Natural gas exports, hammered by Hurricane Laura only days after reaching levels not seen since pre-Covid-19, were at the forefront of a steep decline in October forward prices during the Aug. 27-Sept. 2 period. The rest of the forward curve fared better, however, as the potential for further production decreases and stronger global demand this winter lifted prices, according to NGI’s Forward Look.
October forward prices tumbled an average 19.0 cents for the six-day period, but the winter 2020-21 strip climbed 8.0 cents on average. Summer 2021 gained an average 5.0 cents and prices for the winter 2021-22 tacked on an average 4.0 cents.
“We have seen wild volatility in natural gas prices each day” over the past week, Bespoke Weather Services said. The market finds itself in a “unique situation” in which the fundamentals are bearish at the front of the curve, but still bullish winter into Calendar 21.
Indeed, October Nymex futures have routinely fluctuated in wide ranges of more than 10 cents on a daily basis over the past week. Daily price settles also have been erratic, with analysts finding little reason for some of the big moves experienced.
When the dust cleared, the October Nymex contract was down 22.0 cents from Aug. 27-Sept. 2 to $2.486. The November contract, however, slipped only a penny to $2.931. The winter 2020-21 strip climbed 6.0 cents to $3.240. Smaller gains were seen further out the curve.
“We likely see volatility continue, as this is a paradigm we have not seen in the past, and leaves everyone unsure of where ‘fair value’ lies,” Bespoke said.
Category 4 Laura crashed ashore Lake Charles, LA, one week ago, directly hitting the Cameron liquefied natural gas (LNG) export terminal and narrowly missing the Sabine Pass facility by a mere mile. Neither facility sustained any significant damage, and futures traders latched onto the thinking that export demand would soon resume.
However, widespread power outages still remain in the region, according to the Department of Energy. Entergy Corp. also reported Thursday that more than 88,000 customers were without power in Calcasieu Parish, LA, and nearly 2,000 customers had no power in Cameron Parish. In the update, the utility said for customers in those parishes, restoring power may take longer than expected as a result of extensive damage to transmission lines serving the area.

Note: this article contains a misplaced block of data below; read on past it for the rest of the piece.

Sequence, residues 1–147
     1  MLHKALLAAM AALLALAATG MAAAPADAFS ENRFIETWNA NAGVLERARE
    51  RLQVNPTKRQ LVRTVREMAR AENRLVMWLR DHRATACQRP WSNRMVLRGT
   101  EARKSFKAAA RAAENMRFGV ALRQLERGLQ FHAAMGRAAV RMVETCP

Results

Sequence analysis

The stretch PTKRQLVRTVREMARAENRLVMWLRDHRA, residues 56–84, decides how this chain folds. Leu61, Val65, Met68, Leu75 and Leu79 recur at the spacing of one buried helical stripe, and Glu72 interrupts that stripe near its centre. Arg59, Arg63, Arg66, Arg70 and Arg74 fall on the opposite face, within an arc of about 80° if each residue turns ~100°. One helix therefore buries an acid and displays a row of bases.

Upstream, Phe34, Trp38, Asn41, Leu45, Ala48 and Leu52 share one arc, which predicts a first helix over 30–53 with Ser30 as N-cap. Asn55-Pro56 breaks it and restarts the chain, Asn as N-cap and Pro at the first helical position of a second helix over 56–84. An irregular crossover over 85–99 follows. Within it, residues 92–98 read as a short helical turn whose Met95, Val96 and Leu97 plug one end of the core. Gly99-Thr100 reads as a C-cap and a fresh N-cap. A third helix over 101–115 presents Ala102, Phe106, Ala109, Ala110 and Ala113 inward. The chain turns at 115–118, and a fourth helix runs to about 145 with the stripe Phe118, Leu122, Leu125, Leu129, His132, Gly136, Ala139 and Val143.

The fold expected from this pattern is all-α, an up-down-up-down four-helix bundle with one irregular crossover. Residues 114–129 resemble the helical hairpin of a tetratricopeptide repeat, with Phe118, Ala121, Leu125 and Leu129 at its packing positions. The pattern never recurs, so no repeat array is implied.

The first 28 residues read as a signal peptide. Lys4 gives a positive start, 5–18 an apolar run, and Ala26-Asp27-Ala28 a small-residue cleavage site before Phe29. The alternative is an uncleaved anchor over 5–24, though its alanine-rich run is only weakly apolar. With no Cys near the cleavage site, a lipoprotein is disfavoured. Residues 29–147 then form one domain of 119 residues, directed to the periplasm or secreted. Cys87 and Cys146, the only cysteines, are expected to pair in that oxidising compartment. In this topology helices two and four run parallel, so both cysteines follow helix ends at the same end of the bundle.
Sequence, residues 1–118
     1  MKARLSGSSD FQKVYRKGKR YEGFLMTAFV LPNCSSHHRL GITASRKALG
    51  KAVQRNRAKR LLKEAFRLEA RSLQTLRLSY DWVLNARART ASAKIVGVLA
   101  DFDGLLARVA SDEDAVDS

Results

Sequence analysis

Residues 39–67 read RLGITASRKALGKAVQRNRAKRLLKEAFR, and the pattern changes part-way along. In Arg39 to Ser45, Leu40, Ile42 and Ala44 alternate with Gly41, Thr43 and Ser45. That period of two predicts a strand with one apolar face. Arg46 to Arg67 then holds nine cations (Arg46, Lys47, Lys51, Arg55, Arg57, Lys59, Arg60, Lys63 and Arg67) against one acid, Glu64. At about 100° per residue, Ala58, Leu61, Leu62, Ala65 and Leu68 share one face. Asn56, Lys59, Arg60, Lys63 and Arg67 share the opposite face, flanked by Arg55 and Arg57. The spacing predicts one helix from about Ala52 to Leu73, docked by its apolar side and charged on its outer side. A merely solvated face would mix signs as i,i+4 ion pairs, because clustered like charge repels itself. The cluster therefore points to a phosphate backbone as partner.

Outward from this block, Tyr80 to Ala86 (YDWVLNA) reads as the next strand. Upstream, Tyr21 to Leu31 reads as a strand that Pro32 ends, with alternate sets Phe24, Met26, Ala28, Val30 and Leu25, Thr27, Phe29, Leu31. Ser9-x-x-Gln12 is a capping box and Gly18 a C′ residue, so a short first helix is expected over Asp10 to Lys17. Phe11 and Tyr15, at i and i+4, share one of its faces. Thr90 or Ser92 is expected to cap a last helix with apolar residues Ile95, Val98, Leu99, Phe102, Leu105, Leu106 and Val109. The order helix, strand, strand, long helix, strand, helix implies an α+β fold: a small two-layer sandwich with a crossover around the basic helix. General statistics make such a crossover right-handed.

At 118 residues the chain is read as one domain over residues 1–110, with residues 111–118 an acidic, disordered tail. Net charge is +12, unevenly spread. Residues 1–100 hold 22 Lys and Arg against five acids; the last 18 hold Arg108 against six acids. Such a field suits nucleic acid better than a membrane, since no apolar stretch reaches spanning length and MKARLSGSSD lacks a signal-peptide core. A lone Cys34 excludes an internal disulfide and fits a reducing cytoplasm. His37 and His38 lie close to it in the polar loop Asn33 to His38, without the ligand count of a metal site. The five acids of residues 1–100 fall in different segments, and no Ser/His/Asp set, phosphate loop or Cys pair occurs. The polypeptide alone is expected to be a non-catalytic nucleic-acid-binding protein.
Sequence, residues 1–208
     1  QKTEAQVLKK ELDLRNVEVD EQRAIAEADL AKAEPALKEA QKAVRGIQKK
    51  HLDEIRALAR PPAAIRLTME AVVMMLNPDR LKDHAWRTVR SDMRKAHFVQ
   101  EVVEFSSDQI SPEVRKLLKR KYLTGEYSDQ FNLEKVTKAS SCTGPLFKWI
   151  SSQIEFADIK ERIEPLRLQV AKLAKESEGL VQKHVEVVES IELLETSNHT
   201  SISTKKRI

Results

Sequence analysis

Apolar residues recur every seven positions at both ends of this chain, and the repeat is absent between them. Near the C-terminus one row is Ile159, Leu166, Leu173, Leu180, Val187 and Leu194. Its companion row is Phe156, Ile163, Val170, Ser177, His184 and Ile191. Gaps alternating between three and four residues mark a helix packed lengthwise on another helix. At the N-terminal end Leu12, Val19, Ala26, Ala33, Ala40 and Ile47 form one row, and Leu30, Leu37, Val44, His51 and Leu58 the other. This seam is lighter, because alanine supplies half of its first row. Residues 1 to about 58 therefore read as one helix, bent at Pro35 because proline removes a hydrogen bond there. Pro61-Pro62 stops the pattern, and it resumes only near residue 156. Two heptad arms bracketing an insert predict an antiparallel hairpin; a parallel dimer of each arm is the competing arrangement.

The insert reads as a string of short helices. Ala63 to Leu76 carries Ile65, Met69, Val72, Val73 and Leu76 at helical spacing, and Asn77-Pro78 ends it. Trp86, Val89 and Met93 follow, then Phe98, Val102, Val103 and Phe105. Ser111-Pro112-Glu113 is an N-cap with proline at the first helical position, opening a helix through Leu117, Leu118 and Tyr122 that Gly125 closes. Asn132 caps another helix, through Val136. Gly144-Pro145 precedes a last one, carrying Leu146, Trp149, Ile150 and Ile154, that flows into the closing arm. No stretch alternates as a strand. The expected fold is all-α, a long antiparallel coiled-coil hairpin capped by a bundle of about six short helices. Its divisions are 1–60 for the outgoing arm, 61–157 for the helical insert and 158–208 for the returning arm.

“We have found damage to approximately 1,000 transmission structures, 6,600 broken poles, 338 miles of wire and nearly 3,000 transformers,” Entergy said. “Due to this damage, the transmission and distribution systems will require nearly a complete rebuild in this area. As more generation and transmission services are available in Southwest Louisiana, this should help improve our ability to finalize our restoration efforts.”
Cameron and Sabine Pass had not indicated Thursday whether they had power.
The uncertainty delivered a gut punch to the market that had grown confident in increasing export demand amid Covid-19. Before Sabine Pass and Cameron shut down operations ahead of Laura’s landfall, total feed gas deliveries to U.S. terminals were back above 5 Bcf/d. Still about one-half the total U.S. export capacity, the deliveries are still considerably more than the sub-3 Bcf/d levels this summer.
“Until a clearer timeline becomes available for LNG terminal restart, trading is likely to remain volatile, with the potential for the October contract to plunge further if restart is substantially delayed — or rebound quickly if feed gas starts flowing in the next few days,” EBW Analytics Group said.
Storage Still Concerning
Storage remains a going concern and threatens the front of the curve if builds ramp up over the final two months of the injection season, which ends Oct. 31.
On Thursday, the Energy Information Administration (EIA) reported a 35 Bcf injection that trimmed the stout surplus to the year-ago level. Although the reported build was seen as neutral, Bespoke said supply/demand balances were still loose enough to be quite “dicey” at the front of the Nymex curve, “while not invalidating any bullish winter case even if we do run into some containment issues.”
Ahead of the EIA report, a Bloomberg survey produced estimates ranging from 29 Bcf to 43 Bcf, with a median of 37 Bcf, while a Reuters poll spanned 25 Bcf to 43 Bcf and showed a median injection of 35 Bcf. NGI estimated a build of 32 Bcf.
Broken down by region, Midwest inventories rose by 20 Bcf, while East stocks climbed 14 Bcf, according to EIA. The Pacific continued to withdraw given ongoing heat in the region, pulling out 2 Bcf from inventories. In the South Central region, nonsalts added 6 Bcf, while salts withdrew 3 Bcf. This resulted in a net 2 Bcf injection into inventories, EIA said.